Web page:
by Guest Writer
by Shane Ayers
Orthodoxy is rigid, unyielding, and cold. It stands in stark contrast to warmth and welcome of tolerant, progressive, liberal Christianity. This is especially true in regards to homosexuality and same-sex marriage: whereas traditional Church teaching shuns those who fall outside prescribed moral teaching, liberal Christianity bravely embraces those oppressed individuals who self-define themselves as something other than the societal sexual norm. At its best, traditional Christianity can offer truth where liberal Christianity offers love. Right?
No. Yet this is frequently the framework in which debates about homosexuality and homosexual marriage in the Christian church take place: truth versus love.
I would like to suggest that such a comparison is fallacious at its core. That is because, if the Christian religion is true, a heresy against orthodoxy is also a heresy against love. To bifurcate orthodoxy from orthopraxy is, ultimately, a meaningless distinction. All action, including the verbal expression of revelation and church dogma (orthodoxy), is an act that, for a Christian, must be governed by Trinitarian love.
But isn’t this an admission to liberal Christianity: putting love over truth and biblical fidelity? Again, I would suggest that this is not the case. If I may invoke some ideas from the imaginative Anglican novelist Charles Williams, I would like to suggest that the Christian notion of love actually requires the Church to hold to orthodoxy in the face of cultural “tolerance” of homosexual union.
Trinitarian love demands the giving of one’s self to another. The Father begets the Son. The Son submits to the Father. The Spirit proceeds from the Father (and Son, unless you’re Eastern Orthodox). They exist forever in eternal communion, which is both union and distinctness. The Three are One, the One are Three. To collapse the Trinity into a unity is a heresy against their otherness from each Person; to separate the One is, likewise, a heresy against the Trinity’s eternal union.
I’d like to suggest a few quick points to help clarify how the witness of the orthodox Church on the issue of homosexuality must necessarily be an act towards, and not against, Love:
- Loving another means desiring the good of another.
- All love requires an other outside of one’s self.
- Love defaulting to itself, or turning in on itself, is not love but love’s disorder.
- Homosexual acts, as the very name “homosexual” implies, negates the other sex.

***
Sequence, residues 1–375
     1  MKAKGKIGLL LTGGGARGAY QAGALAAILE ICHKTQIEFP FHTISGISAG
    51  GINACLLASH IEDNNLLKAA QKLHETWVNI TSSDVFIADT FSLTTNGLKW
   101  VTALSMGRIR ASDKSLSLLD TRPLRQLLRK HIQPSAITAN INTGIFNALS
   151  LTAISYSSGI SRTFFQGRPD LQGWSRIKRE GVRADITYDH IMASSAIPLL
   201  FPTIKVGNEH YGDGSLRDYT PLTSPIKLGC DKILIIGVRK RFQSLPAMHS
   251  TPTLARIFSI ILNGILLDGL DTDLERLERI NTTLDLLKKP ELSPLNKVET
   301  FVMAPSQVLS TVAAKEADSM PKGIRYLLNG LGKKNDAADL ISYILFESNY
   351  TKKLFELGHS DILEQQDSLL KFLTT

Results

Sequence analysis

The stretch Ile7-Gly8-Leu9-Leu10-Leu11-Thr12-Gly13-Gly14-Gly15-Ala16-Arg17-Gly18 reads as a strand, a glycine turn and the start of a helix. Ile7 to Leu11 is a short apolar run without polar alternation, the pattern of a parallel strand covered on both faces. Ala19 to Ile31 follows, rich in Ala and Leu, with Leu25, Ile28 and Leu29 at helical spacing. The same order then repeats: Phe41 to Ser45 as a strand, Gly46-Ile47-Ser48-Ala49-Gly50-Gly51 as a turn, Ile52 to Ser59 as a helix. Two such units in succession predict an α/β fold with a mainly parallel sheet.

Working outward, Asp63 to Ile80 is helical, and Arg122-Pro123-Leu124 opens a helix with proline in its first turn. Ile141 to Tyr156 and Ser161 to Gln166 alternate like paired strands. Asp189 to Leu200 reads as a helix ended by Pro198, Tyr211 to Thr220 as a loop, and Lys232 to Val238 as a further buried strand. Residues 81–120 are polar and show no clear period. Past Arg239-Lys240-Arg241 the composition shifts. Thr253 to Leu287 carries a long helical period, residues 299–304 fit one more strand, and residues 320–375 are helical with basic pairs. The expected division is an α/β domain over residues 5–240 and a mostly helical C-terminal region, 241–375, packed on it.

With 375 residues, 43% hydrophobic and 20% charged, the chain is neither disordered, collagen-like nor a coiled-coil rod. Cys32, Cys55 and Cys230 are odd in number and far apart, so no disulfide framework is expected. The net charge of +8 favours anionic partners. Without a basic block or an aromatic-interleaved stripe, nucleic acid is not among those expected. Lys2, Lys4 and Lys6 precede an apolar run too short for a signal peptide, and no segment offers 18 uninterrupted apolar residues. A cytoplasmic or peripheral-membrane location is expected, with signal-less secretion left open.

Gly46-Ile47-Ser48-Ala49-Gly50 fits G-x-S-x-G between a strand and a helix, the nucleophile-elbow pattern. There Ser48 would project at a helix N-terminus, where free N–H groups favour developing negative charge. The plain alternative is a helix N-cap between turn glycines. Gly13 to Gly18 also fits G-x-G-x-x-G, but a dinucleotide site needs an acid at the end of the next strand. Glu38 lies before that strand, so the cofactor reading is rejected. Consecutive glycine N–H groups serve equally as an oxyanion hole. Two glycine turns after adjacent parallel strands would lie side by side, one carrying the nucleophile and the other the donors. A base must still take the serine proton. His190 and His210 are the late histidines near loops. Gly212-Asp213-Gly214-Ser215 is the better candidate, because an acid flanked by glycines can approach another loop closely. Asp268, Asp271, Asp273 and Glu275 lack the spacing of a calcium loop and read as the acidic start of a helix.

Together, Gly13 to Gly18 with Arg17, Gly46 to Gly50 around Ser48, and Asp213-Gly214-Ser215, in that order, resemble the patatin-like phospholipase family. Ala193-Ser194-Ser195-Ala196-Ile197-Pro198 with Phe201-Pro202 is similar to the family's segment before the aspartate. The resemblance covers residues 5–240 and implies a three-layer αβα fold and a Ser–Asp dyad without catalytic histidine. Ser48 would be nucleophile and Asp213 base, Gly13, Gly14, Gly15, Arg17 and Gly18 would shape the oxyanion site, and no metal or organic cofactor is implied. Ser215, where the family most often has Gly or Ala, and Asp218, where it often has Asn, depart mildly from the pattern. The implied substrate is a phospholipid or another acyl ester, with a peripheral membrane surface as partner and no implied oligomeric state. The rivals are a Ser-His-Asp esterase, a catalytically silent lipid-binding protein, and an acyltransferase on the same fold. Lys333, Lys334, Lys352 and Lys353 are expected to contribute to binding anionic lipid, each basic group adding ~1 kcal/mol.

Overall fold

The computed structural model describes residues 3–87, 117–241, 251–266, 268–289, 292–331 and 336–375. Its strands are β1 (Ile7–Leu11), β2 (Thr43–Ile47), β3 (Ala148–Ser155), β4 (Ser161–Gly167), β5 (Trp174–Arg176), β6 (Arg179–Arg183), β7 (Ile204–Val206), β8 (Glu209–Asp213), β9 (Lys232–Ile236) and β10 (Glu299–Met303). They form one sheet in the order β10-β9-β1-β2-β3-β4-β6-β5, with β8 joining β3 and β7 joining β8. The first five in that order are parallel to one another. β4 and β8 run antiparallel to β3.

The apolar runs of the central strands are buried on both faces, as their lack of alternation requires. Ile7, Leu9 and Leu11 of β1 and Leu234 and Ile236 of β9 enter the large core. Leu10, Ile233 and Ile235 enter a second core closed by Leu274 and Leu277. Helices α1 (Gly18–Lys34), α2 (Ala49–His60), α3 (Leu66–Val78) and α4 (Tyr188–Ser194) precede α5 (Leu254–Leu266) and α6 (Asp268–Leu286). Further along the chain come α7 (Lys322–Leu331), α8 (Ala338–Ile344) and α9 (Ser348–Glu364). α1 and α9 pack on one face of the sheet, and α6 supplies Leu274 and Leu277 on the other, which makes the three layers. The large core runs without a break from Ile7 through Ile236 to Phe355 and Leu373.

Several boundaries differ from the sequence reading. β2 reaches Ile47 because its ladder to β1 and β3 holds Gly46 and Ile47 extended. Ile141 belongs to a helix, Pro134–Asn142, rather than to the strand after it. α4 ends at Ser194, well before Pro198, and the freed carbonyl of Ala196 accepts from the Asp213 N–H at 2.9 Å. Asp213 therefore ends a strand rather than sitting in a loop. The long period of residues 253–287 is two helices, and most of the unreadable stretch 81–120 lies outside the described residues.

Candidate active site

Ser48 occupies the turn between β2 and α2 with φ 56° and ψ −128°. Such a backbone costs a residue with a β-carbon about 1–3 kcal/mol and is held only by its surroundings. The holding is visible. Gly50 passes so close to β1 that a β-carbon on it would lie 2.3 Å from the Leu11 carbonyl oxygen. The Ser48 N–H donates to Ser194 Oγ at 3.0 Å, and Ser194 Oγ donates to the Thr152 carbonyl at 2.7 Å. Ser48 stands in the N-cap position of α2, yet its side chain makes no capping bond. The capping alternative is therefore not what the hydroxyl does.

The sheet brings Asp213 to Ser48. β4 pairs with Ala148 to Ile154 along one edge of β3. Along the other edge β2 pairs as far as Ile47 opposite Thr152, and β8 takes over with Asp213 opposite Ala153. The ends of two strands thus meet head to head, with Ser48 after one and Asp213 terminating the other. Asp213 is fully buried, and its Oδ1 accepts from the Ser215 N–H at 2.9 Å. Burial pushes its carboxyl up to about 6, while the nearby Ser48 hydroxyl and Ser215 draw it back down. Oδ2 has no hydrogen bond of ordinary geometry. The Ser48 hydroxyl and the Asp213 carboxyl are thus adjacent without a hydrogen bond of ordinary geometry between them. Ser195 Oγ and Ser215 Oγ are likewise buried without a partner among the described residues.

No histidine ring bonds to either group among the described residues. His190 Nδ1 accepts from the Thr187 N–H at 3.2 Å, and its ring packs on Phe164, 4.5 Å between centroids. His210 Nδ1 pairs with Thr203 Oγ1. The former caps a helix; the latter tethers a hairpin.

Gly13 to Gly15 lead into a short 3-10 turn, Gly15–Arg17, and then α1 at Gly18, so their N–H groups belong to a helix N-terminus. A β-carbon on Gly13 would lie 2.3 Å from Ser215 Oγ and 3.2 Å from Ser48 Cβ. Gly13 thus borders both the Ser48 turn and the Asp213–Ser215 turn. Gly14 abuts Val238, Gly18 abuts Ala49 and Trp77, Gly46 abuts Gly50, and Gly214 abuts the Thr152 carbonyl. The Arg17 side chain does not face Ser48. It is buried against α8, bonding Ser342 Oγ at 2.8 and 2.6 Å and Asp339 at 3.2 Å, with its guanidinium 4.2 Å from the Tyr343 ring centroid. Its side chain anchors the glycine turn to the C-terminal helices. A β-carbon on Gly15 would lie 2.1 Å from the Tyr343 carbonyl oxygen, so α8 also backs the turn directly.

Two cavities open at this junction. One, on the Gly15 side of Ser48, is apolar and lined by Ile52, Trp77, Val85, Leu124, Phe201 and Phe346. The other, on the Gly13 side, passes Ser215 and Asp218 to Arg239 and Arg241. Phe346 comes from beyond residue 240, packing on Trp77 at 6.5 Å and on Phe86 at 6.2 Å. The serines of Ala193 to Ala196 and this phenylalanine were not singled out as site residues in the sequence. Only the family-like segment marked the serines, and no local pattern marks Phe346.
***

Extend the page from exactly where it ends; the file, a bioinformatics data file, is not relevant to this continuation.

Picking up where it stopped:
Before it is suggested that sex itself is an artificial construct, we should probably note that as soon as we talk of any incarnate reality (such as disease, health, pregnancy, birth, or copulation itself) we must default to terms of binary sexuality. That is, we must speak of two distinct realities, or others: man and woman. Sexual love, it must be noted, is necessarily embodied and incarnate; thus, in order to not be disordered (by virtue of defaulting in on itself) it must be the giving of one’s self to an other. (Likewise, denying the unity of male and female persons as fellow humans is also a heresy against love. This is why dehumanizing and objectifying sexual expression, like pornography, is a heresy against love.)
As an aside, this defaulting of sexual love on itself, where it should find a true other, is also why incest must be rejected; it is the turning of life in on itself (within a family), which is both spiritually and physically dangerous. The obvious difference between homosexuality and incest is that homosexuality is barren. Yet, I must wonder: as sex is further identified with self-actualization in the public imagination, and further removed from fertility and life, how long will the taboo against incest remain in place?
As Bart Gingerich recently argued on this blog, quoting “Bad Catholic” author Marc Barnes, political debates surrounding the issue tend to reduce homosexual persons to caricatures.
The point needs to be emphasized: the acceptance of homosexual union as morally acceptable is not and cannot be the synonymous with love. On the contrary, it renders homosexual persons a caricature of humans. As author James Matthew Wilson wrote a while ago on FrontPorchRepublic.com:
Just as some of our ancestors “surgically” manufactured eunuchs in earlier stages of western civilization to keep their wives company and to sing in their operas, our society has found a softer, cultural means of creating a cast of libidinous and “campy” characters whose claim to acceptance and “tolerance” in society is bound up with their occupying a strange and sadly grotesque position at its margins.
Such “tolerance” is nothing less than condemnation; it is the resignation of the man or woman with same-sex attraction to a culture of caricatured humanity. It is a condemnation of being itself, wherein being human is less important than “being” gay. As was my first point, true love must desire the good of another. Affirming the morality of homosexual acts is not the revision of orthodoxy to the authority of love; it is the loss of both love and orthodoxy. When it comes to the issue of homosexual relationships, “tolerance” must be rejected for this reason: it falls short of love. And the Church is called to nothing less than love.
(Thanks go out to Bart Gingerich for inviting me to write this guest post).